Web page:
The Rockies are banking on the healthy returns of Jorge De La Rosa and Juan Nicasio, among others to guide a relatively young staff that seems destined to improve if only by default because it's hard to be worse than they were in 2012.
4) Will Rosario repeat his rookie performance?
The first-year catcher saw both ends of the spectrum last season for Colorado, as at the plate Rosario hit .270/.312/.530 with 28 home runs. He his 27 of those home runs as a catcher, one more than A.J. Pierzynski for the major league lead. But behind the plate was an adventure for Rosario, who had 21 passed balls to lead baseball.
The only catcher close to Rosario in passed balls was Josh Thole, who had unenviable task of catching knuckleballer R.A. Dickey, but even Thole only had 18 passed balls, while A.J. Ellis was third with 11.
Can Rosario repeat his rookie performance at the plate, while also improving his play behind it?
5) Does Helton have anything left in the tank?
If it seems like Todd Helton has been around forever, it's because he has. He was drafted in 1995, the fourth ever first round pick by the Rockies. The face of the franchise had his worst season in 2012, as he hit .238/.343/.400 in just 69 games.
The massive $141 million contract Helton signed before the 2003 season, which was reworked a few years back, finally ends in 2013, as the first baseman is due $5 million. Will the 39-year old rebound as he did in 2011, when he bounced back from a poor 2010 to hit .302/.385/.466? At the very least, Helton should be free of the hip problems that limited him in 2012 and ultimately required surgery.
"I know if I am healthy, I am going to be better than I was (this season)," Helton told the Denver Post in September. "I will have to have ample days off. I know that. If I come back, I expect to play as much as I can. How much? It's hard to tell."
If Helton either has a good year or sticks around for 2014, he could become the 15th player in baseball history with 600 doubles. As it stands, he is the active leader with 570 two-baggers.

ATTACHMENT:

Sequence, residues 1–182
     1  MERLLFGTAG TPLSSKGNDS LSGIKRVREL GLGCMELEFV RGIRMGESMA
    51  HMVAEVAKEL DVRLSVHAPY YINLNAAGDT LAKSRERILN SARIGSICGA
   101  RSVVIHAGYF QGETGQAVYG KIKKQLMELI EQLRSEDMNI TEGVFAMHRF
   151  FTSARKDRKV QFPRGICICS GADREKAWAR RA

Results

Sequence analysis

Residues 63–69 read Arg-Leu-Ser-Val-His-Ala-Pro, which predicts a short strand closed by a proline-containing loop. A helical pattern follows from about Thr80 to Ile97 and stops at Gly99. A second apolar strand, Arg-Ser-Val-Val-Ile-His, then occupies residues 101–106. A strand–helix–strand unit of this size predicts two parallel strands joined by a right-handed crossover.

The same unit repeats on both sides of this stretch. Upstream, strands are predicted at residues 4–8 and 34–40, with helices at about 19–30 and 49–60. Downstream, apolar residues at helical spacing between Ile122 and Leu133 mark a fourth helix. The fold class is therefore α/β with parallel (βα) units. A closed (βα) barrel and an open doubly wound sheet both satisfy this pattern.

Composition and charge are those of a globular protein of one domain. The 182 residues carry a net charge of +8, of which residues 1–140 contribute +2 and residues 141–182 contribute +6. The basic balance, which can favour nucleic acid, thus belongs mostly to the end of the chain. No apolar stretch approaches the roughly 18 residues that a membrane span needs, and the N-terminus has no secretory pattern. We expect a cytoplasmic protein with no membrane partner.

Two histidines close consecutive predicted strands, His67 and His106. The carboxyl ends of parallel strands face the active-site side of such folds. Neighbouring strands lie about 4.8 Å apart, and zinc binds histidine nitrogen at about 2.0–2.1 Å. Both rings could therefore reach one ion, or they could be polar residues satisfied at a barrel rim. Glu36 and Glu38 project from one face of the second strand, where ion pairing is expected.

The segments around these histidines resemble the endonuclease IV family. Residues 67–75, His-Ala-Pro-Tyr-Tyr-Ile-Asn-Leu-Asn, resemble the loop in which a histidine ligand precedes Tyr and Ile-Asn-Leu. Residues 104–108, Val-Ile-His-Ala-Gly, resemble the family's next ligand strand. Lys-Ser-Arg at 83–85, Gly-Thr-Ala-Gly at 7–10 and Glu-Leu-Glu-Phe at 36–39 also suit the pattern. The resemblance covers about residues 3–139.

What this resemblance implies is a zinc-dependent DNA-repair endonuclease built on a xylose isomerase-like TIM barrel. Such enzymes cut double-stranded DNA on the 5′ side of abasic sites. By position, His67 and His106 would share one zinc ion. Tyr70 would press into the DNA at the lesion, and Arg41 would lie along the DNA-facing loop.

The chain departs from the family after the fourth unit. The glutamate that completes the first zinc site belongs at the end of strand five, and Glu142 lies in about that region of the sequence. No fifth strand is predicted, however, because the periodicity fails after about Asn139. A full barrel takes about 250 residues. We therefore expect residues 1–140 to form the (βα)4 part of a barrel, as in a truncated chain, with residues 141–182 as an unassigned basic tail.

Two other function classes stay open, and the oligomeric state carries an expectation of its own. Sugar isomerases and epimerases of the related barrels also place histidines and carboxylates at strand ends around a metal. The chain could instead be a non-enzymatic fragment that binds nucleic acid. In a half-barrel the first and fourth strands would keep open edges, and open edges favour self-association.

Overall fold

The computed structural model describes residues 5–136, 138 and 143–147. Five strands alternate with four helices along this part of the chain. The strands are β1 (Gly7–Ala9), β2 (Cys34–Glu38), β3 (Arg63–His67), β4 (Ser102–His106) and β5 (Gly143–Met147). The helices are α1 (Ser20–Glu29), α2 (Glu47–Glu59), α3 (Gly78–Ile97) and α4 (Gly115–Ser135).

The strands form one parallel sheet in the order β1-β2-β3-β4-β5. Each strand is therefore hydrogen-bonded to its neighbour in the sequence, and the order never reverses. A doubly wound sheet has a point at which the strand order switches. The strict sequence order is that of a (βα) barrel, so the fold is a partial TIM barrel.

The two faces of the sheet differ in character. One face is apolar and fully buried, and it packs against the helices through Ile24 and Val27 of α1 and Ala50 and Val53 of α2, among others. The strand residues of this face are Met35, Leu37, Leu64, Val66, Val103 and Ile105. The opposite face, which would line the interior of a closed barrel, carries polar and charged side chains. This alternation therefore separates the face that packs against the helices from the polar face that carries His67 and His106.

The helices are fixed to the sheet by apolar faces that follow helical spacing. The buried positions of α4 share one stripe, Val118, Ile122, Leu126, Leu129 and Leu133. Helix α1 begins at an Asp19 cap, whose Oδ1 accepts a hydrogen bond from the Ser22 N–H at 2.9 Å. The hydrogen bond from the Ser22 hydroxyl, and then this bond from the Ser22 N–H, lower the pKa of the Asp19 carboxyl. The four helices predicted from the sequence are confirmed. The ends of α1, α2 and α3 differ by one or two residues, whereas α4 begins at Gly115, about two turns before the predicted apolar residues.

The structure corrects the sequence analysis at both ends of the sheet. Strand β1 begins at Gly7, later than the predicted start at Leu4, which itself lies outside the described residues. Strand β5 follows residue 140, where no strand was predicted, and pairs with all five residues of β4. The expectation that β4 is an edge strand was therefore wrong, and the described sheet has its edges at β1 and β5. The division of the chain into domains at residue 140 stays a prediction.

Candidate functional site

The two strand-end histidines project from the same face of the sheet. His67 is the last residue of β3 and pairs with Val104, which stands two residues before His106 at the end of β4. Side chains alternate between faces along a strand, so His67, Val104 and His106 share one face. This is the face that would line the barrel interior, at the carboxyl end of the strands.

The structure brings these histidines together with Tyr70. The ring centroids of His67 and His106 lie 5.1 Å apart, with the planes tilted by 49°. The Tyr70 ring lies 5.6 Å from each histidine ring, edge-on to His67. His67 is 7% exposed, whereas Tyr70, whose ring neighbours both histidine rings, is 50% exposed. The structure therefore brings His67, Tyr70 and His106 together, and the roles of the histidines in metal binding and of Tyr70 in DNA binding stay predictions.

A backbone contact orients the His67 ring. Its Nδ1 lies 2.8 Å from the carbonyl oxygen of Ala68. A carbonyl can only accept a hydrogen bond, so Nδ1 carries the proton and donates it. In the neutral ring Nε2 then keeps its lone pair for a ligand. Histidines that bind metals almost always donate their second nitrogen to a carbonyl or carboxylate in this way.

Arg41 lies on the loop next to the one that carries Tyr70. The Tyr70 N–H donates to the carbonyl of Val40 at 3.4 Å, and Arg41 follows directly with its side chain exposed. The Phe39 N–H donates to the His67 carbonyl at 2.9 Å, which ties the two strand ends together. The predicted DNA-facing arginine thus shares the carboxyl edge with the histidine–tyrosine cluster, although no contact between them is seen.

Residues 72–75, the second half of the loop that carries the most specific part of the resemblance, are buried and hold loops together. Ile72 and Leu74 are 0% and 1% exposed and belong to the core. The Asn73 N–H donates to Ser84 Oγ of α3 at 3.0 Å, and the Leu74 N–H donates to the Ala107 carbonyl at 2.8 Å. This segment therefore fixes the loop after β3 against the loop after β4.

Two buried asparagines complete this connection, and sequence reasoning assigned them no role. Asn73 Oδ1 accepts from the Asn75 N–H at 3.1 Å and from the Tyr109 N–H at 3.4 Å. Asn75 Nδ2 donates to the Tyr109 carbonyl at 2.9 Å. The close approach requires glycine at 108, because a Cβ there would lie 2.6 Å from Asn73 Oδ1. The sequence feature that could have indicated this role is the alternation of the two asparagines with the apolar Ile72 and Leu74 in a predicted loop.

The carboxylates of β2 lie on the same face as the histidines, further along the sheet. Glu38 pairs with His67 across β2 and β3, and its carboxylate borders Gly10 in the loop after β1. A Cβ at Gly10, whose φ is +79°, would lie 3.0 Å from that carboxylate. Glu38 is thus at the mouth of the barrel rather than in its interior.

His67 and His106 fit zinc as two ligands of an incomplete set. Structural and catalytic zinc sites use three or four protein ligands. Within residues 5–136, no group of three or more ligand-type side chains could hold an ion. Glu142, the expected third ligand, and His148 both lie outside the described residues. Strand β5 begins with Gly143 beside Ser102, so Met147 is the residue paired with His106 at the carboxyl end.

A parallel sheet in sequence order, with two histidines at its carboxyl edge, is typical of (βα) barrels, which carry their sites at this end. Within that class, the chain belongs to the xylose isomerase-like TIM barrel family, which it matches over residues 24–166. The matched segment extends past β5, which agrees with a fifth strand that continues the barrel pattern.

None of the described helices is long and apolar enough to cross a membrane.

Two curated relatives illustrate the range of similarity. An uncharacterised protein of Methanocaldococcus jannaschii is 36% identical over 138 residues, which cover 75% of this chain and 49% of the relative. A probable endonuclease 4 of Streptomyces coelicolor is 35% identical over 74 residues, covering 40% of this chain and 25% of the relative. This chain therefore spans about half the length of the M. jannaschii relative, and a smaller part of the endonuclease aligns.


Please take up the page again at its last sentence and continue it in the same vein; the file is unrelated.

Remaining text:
|Rockies Trades, Etc. This Winter|
|Diamondbacks||Matt Reynolds rhp||Ryan Wheeler 3b|
Alex White rhp
Alex Gillingham rhp
|Wilton Lopez rhp|
The Rockies added to an increasingly deep bullpen with Lopez, though it cost them a starter in White, who struggled in 2012 both on the mound and off the field, extremely.
|Rockies Contracts Signed This Winter|
|Pos||Player||Type||Total Contract||2013 Salary|
|SP||Jorge De La Rosa||opt||1 yr, $11m||$11,000,000|
|SP||Jhoulys Chacin||arb||2 yrs, $6.5m||$1,650,000|
|OF||Tyler Colvin||arb||1 yr, $2.275m||$2,275,000|
|RP||Wilton Lopez||arb||1 yr, $1.7625m||$1,762,500|
|IF||Jonathan Herrera||arb||1 yr, $900k||$900,000|
|RP||Josh Outman||arb||1 yr, $675,000||$675,000|
|SP||Chris Volstad||FA||1 yr, $1.5m||$1,500,000|
|*including signing bonus; ^arb midpoint
Fowler hasn't yet settled his arbitration case, and the center fielder could end up with a multi-year deal. In addition, Colorado has also signed Miguel Batista, Ryan Garko, Yorvit Torrealba, Manny Corpas, Chris Volstad, and old friend Russell Mitchell, among others, to minor league deals.
|Rockies Players Lost|
|1B||Jason Giambi||free agent|
|SP||Jonathan Sanchez||free agent|
Here's my guess as to the Rockies' 25-man roster, with a few assumptions mixed in:
|2013 Rockies Under Contract|
|Pos||Player||2013 Age*||2012 Salary|
|C||Wilin Rosario||24||team control|
|2B||Josh Rutledge||24||team control|
|3B||Chris Nelson||27||team control|
|3B/C||Jordan Pacheco||27||team control|
|IF||Ryan Wheeler||24||team control|
|SP||Jorge De La Rosa||32||$11,000,000|
|RHP||Adam Ottavino||27||team control
|Totals (15 players)
|*Age as of June 30, 2013; ^arb midpoint